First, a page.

By Margaret Moser
NOVEMBER 9, 1998: "TV Eye" loves a challenge, especially one involving trivia but most especially one involving cartoon trivia. Recently, a reader wrote posing that most indulgent of searches: the attempt to identify a cartoon seen in childhood.
Sometime in the late Fifties or early Sixties there was a cartoon that was tied in with a cereal. (It might have been Crispy Critters, but I don't think so.) The main character was an elephant who could change his trunk into different things with the chant, "Nose, nose, anything goes. Turn my trunk to a ..." (Could I have imagined a chant like that? Many people think so.) I remember some of the cereal boxes had a fold-out back, with comic strip-type stories and puzzles and things like that. I seem to remember small newsprint comics being in some of the boxes too. Can you help me, or am I completely bonkers? -- Craig C.
Queries like this make me deliriously happy, which indicates the puerile level of
my intelligence, my complete unwillingness to admit to being an adult, or both. Cecil
Adams and "Straight Dope," move over: I was on a mission. I
The moment I read this letter, I could picture the cartoon -- definitely a non-Disney, non-Warner Bros. effort. As I recall, however, Crispy Critters cereal had King Linus as its champion. "The one and only cereal that comes in shape of animals!" I remember the damn commercial because it was the source of a fight with my younger brother Stephen, who insisted the words were, "The one and only cereal that comes in shape of valuables." Valuables?? I punched him for being so stupid, then was punished for hitting him.
King Linus was not to be confused with King Leonardo and His Short Subjects, yet another royal contender. King Leonardo's sidekick was Odie Cologne, who was a skunk. Neither of them are to be confused with Lippy the Lion and Hardy Har-har, who were part of Hanna-Barbera's stable of imagination-free cartoons.
The clarity with which the image of this elephant rose to mind was astonishing. I could picture the animation style clearly -- broad strokes, pastels, and a contemporary twist, not the airbrush sheen of Harveytoons nor the juvenile simplicity of Hanna-Barbera. In my mind, I thought of Jay Ward and Rocky & Bullwinkle. Or could this be Silly Sidney the Elephant? And why didTennessee Tuxedo come to mind? Was it because the adventurous penguin was always "parachuting for your pleasure, sailing seas in search of treasure, anything so he could measure up to men?" More importantly, how is it that I remember the theme song more than 30 years after the last time I can remember hearing it?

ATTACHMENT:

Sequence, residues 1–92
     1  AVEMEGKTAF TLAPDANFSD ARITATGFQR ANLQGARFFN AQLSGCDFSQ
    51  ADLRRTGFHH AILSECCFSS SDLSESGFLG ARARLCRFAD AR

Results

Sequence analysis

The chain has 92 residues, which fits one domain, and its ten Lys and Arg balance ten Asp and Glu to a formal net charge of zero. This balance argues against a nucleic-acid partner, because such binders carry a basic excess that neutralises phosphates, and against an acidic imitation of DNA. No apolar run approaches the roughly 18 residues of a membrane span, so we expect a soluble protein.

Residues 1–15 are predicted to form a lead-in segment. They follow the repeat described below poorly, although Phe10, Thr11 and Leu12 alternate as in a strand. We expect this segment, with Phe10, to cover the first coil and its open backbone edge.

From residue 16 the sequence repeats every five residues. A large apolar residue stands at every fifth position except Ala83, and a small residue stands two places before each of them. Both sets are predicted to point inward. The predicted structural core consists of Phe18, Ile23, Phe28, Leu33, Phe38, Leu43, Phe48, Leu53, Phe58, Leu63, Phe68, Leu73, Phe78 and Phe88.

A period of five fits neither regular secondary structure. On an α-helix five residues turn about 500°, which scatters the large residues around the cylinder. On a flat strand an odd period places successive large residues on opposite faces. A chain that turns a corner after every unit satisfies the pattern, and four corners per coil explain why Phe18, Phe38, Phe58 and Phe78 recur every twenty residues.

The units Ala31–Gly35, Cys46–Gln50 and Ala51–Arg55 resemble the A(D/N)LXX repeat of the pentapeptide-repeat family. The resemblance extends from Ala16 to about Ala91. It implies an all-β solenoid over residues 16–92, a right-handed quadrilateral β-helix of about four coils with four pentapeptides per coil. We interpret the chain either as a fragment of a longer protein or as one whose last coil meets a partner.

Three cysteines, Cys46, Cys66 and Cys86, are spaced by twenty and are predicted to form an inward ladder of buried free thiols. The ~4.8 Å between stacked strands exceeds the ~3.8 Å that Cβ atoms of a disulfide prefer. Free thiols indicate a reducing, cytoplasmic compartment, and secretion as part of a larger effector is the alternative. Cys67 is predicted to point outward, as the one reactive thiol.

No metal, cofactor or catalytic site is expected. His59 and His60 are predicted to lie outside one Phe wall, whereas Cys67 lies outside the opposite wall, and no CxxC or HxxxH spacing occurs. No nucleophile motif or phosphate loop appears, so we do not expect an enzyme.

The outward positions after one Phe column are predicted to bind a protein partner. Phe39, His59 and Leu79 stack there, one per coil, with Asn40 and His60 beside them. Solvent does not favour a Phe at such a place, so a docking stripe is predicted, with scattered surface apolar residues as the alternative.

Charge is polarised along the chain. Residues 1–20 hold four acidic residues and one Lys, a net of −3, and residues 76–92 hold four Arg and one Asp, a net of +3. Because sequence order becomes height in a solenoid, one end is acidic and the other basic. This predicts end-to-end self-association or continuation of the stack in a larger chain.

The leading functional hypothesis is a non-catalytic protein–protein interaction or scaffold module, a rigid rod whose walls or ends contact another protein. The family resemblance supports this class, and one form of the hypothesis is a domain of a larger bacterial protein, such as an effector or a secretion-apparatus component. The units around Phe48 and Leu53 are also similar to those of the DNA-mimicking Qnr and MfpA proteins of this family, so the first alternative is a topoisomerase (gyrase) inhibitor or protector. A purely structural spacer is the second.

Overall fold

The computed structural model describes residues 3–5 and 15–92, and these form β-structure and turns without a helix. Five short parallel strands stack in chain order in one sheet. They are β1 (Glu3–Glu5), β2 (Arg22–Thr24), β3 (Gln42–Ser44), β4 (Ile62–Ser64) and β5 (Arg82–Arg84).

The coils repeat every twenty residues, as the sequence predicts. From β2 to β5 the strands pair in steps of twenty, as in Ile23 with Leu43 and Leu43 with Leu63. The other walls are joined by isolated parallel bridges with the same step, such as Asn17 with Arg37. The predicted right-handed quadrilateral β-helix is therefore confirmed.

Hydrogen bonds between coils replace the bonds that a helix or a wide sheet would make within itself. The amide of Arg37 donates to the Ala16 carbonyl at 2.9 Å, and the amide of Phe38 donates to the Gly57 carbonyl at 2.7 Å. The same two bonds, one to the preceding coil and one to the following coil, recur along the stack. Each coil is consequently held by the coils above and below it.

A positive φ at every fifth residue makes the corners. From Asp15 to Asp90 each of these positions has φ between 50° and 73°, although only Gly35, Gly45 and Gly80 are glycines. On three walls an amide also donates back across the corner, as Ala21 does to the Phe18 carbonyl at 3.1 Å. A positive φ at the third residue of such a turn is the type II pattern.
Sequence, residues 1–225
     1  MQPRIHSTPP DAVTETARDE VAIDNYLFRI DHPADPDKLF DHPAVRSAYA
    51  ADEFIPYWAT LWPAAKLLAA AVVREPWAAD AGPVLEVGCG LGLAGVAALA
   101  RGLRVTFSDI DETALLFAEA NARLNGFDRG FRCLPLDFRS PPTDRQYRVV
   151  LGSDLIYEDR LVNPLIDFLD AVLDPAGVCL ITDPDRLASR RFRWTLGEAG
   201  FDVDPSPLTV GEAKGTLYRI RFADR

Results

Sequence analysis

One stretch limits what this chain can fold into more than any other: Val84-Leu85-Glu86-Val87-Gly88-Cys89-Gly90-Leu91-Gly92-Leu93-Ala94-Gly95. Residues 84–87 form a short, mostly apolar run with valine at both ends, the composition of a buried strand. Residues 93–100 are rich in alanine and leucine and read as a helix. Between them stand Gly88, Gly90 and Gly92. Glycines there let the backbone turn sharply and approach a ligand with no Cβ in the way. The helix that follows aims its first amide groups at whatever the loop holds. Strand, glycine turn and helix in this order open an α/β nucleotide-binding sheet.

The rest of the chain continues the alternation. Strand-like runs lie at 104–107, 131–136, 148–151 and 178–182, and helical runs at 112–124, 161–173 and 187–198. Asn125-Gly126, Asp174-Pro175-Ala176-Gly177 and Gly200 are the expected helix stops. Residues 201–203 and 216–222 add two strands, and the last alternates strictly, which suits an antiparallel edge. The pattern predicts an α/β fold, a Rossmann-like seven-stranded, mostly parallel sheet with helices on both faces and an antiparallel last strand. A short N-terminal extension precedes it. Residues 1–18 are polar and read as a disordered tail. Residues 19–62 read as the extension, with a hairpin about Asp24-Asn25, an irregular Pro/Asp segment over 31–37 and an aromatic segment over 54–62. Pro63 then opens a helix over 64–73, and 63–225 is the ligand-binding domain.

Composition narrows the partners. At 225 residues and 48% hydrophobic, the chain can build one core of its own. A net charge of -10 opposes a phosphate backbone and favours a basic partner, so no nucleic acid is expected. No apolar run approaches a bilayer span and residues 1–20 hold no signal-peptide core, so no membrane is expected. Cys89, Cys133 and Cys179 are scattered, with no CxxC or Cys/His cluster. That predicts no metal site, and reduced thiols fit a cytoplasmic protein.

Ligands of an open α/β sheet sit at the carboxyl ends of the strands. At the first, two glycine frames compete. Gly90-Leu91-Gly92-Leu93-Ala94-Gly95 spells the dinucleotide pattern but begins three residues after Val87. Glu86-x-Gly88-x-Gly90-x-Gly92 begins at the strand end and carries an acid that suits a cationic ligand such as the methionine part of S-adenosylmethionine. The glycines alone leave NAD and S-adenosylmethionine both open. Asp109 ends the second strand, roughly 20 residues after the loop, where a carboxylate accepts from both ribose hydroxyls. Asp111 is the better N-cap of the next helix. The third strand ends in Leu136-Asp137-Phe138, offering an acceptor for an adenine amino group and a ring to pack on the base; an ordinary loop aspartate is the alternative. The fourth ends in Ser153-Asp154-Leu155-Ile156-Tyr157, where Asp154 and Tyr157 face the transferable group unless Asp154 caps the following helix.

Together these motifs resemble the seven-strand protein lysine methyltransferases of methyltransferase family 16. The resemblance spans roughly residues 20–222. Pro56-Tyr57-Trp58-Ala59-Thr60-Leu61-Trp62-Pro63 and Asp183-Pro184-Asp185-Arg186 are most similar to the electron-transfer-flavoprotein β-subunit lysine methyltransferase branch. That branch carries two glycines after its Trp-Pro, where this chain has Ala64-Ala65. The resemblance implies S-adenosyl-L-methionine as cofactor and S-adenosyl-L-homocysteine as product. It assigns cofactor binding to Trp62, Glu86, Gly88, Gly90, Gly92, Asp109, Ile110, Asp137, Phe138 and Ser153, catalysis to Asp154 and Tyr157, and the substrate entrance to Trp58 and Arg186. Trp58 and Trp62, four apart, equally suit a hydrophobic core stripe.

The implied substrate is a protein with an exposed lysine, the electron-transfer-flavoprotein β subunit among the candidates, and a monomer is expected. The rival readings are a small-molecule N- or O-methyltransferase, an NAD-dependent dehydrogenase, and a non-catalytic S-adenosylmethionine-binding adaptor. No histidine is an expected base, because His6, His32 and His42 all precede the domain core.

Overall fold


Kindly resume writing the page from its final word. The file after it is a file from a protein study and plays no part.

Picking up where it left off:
Doing research on the Net is a beautiful thing, dear reader. It requires a good base of knowledge so that you can navigate through the misinformation and the bullshit sites. It requires patience to key in the right phrases for numerous search engines out there. And when it pays off, it is like hitting the jackpot in Vegas.
On the elephant quest, I traveled into the Warner Bros. realm, knowing they were not what I was looking for but hungry for the good stuff. I hung out with Popeye for a bit, but only in his early days, before Paramount bollixed the sailor man. A friend sent me to the dirty Disney site, where all your favorite Disney characters are busy doing the wild thing. (I never knew how limber Little Mermaids could be.)
My breathing grew shallow and my pulse rate increased as I found the ToonTrackers site (http://www2.wi.net/~rkurer/totaltv.htm). Yes, here was King Leonardo, Tennessee Tuxedo, Underdog, and less well-known cartoons from the same animation group such as The Beagles and The Go-Go Gophers. I knew I was getting close. Suddenly, Twinkles, a winged baby elephant, flew onto the screen and that version of the "Hallelujah Chorus" that pops into my head whenever I find what I'm searching for on the Net rose in my ears.
Back in 1961, FCC chairman Newton R. Minnow decried the state of television in a now-famous speech. He declared it a "vast wasteland" and called for an overhaul of programming, especially children's programming. I'd like to believe that it was Hanna-Barbera that inspired him to rail about that, but he wasn't that far off track. The "Silver Age" of animation gleamed when the polished theatrical efforts of MGM, Warner Bros., Paramount, Universal and other film studio animators were first shown on television in the Fifties but were tarnished by the sophomoric efforts of Hanna-Barbera by the Sixties. The biggest difference between WB and HB was not in the dumbed-down animation but in the dialogue, which was no longer required to entertain adults, just children.
Craig, this is a joyous moment for us both. Because of Minnow's speech, a concerted effort to use animation and cartoons for educational purposes inspired General Mills cereals to produce 90-second cartoons for tots. Twinkles the Elephant starred in a series of these. The accompanying boxes of Twinkles cereal featured the elephant's adventures in a fold-out storybook. His pals included Sanford the Parrot, Fulton the Camel, and Winston the Monkey.
At least I hope this is who you were thinking of.
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